Warwick School Board Meeting

Capital Project Vote Dominates Warwick School Board Meeting

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Story by Lisa Rice

      Following an opening executive session to discuss the employment history and disciplinary action of a particular individual on Mon., Dec. 9, the last regular meeting of the Warwick Valley Central School Board prior to the Wed., Dec. 18 public vote was monopolized by the Capital Project Proposition.

Superintendent Outlines Newsletter

      Superintendent Dr. David Leach was joined by Assistant Superintendent for Curriculum and Instructional Services James Yap as well as Erik Boe and Michael McGovern from LAN Associates, an engineering and planning firm to review highlights of the newsletter that would be sent out to all residents in the school district the following morning.

      Dr. Leach thanked the community members, parents, staff and others who helped work on the proposition put before voters. He commented that 64% of the nearly $15 million project would be funded through New York State aid and 36% out of the capital fund. He stated that there would be three polling locations and that they were hoping for a large turnout. The presentation included a slide show that broke down some of what would be included in the mailing.

      Following the presentation, Board President Sharon Davis asked if the outdoor restrooms would be free standing. The two proposed facilities were outlined as a 600 sq. ft. building with three sets of facilities at the Sanfordville location and a 1,370 sq. ft. building with eight sets of facilities at the High School.

     Board member David Eaton asked when the work would begin, if voters approve the proposition, and was told that it was anticipated to start in the Fall 2020, pending State approvals, with the hope that if done in the Fall they could avoid premiums. It was noted that the roof over the high school auditorium would get done sooner rather than later, probably over the summer.

Residents Voice Disapproval

     For nearly one hour, community members addressed the Board with their concerns, with many voicing disapproval and three thanking the Board for the capital project proposition opportunity.

     First to speak was Howard Horowitz, who, upon being informed that he would have four minutes to address the Board asked for another opportunity to meet with them to give a larger presentation on the hazards of artificial turf. He stated that the primary responsibility of the Board is the health and safety of the students and referred to several studies that showed the ill effects of turf fields on student athletes, including one statistic that of 260 youth cancers, half are soccer goalies.

     “The federal government has only begun to study,” Horowitz said. He urged the board and public to see the movie “Dark Waters” currently in theaters to see the effects of PFAS and how they migrate into water. He further stated that the lifespan of artificial fields is about eight years and that disposal is very expensive.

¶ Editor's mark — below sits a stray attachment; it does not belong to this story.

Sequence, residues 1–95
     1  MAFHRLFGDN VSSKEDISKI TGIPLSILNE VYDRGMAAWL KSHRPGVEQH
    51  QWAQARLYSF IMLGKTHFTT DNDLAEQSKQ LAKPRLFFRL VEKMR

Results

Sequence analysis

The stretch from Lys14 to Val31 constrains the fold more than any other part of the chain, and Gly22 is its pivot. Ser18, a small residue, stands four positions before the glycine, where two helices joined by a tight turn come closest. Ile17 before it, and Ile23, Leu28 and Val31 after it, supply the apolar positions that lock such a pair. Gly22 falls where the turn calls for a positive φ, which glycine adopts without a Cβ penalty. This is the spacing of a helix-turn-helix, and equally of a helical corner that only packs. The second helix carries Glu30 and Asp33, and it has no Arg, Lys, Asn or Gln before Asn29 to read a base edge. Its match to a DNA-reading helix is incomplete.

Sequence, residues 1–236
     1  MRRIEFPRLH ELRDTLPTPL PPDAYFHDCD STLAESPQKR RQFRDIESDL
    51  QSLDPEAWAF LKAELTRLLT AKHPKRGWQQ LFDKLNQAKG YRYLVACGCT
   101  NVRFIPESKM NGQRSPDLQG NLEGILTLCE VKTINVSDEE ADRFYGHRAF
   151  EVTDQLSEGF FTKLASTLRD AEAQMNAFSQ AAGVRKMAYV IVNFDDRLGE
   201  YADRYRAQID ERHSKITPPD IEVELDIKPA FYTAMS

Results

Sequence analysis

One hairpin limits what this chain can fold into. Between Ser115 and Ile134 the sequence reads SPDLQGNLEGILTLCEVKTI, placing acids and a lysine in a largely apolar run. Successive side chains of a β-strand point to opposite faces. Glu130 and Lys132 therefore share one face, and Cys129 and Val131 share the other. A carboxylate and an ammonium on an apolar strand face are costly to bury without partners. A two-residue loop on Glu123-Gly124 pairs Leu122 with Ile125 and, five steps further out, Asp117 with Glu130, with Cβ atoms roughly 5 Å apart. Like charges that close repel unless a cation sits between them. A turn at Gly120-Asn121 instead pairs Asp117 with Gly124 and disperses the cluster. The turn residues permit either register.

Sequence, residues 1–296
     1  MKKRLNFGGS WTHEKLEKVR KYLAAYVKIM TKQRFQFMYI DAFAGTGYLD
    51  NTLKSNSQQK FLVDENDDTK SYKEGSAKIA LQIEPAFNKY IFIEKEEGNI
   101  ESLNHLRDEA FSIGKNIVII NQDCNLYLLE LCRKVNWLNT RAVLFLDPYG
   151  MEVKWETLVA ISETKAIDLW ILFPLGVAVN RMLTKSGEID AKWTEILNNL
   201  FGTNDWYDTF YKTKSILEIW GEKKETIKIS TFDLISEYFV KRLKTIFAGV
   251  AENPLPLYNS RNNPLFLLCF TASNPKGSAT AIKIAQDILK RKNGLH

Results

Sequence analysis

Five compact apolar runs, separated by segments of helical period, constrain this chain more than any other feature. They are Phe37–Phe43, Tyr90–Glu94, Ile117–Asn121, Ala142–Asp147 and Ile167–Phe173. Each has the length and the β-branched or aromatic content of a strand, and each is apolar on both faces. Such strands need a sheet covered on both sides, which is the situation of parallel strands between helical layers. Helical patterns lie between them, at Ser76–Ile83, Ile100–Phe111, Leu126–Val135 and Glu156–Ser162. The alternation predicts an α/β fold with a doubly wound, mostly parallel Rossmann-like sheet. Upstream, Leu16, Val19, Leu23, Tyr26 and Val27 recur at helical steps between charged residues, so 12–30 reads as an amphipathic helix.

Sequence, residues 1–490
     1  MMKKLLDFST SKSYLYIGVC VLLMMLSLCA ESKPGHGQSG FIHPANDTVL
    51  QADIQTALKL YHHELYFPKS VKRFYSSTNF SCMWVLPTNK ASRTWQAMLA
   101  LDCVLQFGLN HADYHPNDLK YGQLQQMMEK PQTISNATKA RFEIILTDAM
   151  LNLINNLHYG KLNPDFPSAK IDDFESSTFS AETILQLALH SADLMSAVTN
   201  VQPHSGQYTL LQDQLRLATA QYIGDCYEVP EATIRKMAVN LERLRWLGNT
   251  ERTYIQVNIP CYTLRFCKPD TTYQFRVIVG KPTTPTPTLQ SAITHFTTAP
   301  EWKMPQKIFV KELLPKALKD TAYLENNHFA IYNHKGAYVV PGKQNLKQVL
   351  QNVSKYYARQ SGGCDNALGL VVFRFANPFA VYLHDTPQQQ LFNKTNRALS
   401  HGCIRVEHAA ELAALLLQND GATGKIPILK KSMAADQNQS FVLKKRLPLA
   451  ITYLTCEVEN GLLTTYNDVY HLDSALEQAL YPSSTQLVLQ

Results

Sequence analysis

“The idea of putting a matter of science to public vote is a potential catastrophe,” he further stated. He said that it isn’t too late to remove that particular item from the vote. Stating that he is always supportive of the school budget, this time he will vote against it for the safety of children.

     Horowitz invited the public to view the studies he found about the health concerns of turf fields at the Albert Wisner Library Help Desk.

Plastic Bags & Straws Out, Plastic Fields In?

     Mary Makofske echoed Horowitz’s safety concerns and said that there are many conflicting studies. She said that it is unsettled and the board is taking a chance. She pointed out the irony that at a time when efforts are being made to eliminate the use of plastic bags and straws, the board is looking to remove natural grass to replace with plastic. “This is the wrong message to send our children,” she said.

     Makofske then said she read that New York would be paying over 60% of the expenditure, but wondered if the state would pay to replace it in 10 years. “Probably not,” she said. “It will hit the taxpayers.” And then, she said, if the district tries to go back to grass, the soil will be dead.

     She further said that she wishes the School Board had sought input from people who know about “such things.”

     “I also wish these had been two separate issues,” she said. “Necessary issues were grouped with unnecessary making it a difficult vote for many people.”

Bundling Vote & Delay of Newsletter

     The disapproval of the School Board’s “grouping” of the proposed field enhancements with items such as new windows, roof replacement and new boilers, as well as the decision to send a newsletter only days before the vote, was echoed by several following speakers.